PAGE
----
Enhanced computing seeks to blur the lines between human and computer interaction. Technologies typically reserved for AI applications can be used to enhance traditional applications and make them more useable. The goal is to make the user's experience as natural and intuitive as possible. Another goal is to extend the capabilities of current applications in order to help the user do more with less effort. For the purposes of this book, enhanced computing involved the use of mobile devices, speech recognition, data-mining, and other Microsoft technologies and products. It may soon involve the use of many more technologies emerging from Microsoft Research or other third-party vendors, such as natural-language understanding and facial recognition.
The discussion in this book focuses primarily on Microsoft technologies. This is mainly because of the great acceptance and proliferation of Microsoft products. Microsoft spends almost as much on research and development as on sales and marketing. Just remember that the overall goal of this book is to show you how to use AI technologies to enhance and extend the user's experience with more natural computing.
The present chapter features some upcoming products and technologies that Microsoft has to offer. The first section, titled "The Next Development Platform," focuses on development tools and server-based products expected to be released within the next few years. These products are in either the alpha or the beta stage, and more than likely you have already heard about them. They are listed in Table 9.1.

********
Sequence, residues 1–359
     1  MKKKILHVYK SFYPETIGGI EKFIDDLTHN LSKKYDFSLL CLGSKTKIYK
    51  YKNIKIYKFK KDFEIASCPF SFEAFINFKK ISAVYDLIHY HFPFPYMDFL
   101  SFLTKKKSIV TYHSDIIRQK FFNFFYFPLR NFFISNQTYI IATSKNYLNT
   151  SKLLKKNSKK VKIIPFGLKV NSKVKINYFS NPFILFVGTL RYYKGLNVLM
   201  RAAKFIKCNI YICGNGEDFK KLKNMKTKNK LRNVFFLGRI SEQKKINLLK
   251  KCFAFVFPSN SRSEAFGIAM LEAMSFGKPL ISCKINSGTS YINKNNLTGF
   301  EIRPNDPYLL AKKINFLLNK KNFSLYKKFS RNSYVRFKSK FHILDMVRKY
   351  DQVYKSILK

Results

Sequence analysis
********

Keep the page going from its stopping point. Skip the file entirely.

Table 9.1. Microsoft developer tools scheduled for release sometime in the near future. These products represent the next generation of development tools Microsoft is offering. They should enable developers to create some powerful and intelligent-based applications.
SQL Server 2005 (code name Yukon)
The next release of SQL Server will include an updated version of Analysis Services. Analysis Services 2005 will offer a new interface and five new data-mining algorithms.
Visual Studio.NET, 2005 (code name Whidbey)
This release should correspond with the release of SQL Server 2005 and will provide support for it.
This is the next big Windows operating system. Focusing on security and stability, it uses a new application model and markup language to create Longhorn-based applications.
This is the release of Visual Studio.NET that will correspond with the release of Longhorn. It will allow you to access the new features of Longhorn.
The information in this chapter is based on preliminary documentation for software not yet released and on documentation available from Microsoft Research. Therefore, the information is subject to change and may be different at the time a product is released.
The next section, titled "Microsoft Research," features a few of the projects currently under development or near completion at Microsoft Research (MSR). MSR supports several research areas (listed in Table 9.2) that consist of multiple research groups. The projects these groups are working on show potential in the area of enhanced computing and should form the basis for new products from Microsoft.
Table 9.2. Main research areas at Microsoft Research. Each of these areas includes several groups working on multiple projects. Members of each research group generally work on more than one project and often work across groups and research areas.